Without naming a purchase price, Shaw Communications President Peter Bissonnette confirmed that the planned acquisition of Ontario-based Mountain Cablevision was pricey.
“There was a premium,” Bissonnette said.
Assuming the $220 million (or more) in Canadian currency suggested by Greg O’Brien’s Web site cart.ca is accurate, one figures the deal translates at a minimum into U.S. $198 million, some $4800 per cable television subscriber or $1725 per revenue generating unit (RGU). Mountain has 115,000 RGUs.
The premium is better estimated not by industry record highs—which reached $5700 per sub in 2000—as by the offers that Owen Boris received from other MSOs bidding for the company that he had founded 50 years ago.
Bissonnette confirmed that Rogers Communications was at the head of the line. “In deference to Ted (Rogers), Owen gave him the first crack at it,” he said. (Canadian cable icon Ted Rogers died last December. For more, click here.)
When that didn’t work out, the bidding was opened up to other Canadian MSOs. Bissonnette said a meeting between Shaw execs (including Founder JR Shaw) and Boris gave them “a sense of what (Boris) was looking for.”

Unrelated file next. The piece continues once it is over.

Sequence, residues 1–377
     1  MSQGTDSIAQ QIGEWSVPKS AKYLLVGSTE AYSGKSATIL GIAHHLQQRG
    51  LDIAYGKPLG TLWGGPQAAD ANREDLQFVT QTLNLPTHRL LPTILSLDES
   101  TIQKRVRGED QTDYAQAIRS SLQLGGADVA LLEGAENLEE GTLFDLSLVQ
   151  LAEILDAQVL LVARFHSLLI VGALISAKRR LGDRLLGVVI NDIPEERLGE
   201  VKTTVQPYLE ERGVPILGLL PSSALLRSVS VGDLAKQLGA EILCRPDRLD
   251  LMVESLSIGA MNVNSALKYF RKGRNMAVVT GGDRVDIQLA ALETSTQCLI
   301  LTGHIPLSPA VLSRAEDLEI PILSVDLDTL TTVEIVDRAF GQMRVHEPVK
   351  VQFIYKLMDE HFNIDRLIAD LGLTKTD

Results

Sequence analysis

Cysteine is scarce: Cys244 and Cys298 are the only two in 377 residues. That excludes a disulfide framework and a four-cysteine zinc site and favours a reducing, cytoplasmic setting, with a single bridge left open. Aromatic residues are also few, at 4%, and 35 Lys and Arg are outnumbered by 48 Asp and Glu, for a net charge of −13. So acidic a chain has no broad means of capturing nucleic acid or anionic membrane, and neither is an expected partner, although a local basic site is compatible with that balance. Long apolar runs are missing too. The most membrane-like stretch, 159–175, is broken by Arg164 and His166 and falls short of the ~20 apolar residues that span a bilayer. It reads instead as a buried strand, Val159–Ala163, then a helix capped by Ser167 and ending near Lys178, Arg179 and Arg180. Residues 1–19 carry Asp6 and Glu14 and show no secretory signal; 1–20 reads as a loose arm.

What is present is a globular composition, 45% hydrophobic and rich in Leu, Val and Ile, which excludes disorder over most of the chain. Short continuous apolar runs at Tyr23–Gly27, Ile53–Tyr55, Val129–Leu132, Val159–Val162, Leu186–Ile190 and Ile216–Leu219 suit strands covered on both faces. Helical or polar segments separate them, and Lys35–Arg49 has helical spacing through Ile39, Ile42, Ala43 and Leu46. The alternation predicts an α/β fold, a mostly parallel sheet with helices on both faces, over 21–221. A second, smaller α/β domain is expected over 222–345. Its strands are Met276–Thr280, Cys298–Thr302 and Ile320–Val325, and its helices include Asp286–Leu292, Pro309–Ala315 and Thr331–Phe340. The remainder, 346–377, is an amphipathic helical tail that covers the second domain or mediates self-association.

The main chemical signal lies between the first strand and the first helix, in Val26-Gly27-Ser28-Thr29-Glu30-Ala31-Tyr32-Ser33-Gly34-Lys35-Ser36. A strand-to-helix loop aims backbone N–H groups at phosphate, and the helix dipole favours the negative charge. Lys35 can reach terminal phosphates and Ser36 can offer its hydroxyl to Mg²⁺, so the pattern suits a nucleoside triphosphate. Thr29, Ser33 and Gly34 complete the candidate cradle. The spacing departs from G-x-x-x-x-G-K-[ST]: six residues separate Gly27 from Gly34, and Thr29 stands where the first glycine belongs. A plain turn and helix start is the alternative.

Whatever the other MSOs offered, it wasn’t enough. “The Rogers, Cogeco and Eastlink bids were low compared to Shaw’s,” one insider confirmed.
The meeting between Shaw and Boris, however, made clear what a premium would buy, namely: technical prowess, a growth opportunity and corporate compatibility.
“It is fully built, great penetration. It looked like a Shaw system,” Bissonnette said.
As for high performance, Mountain Cablevision has a longstanding solid reputation, having been selected as a CT Top Tier System in 2006. (For more click here.) The future opportunities lie largely in the system’s position within the so-called Golden Horseshow or Triangle that stretches from Niagra Falls around to Hamilton and back to Toronto.
“Any opportunity to get into that Golden Triangle, you’d be remiss if you didn’t take advantage of it,” Bissonnette said.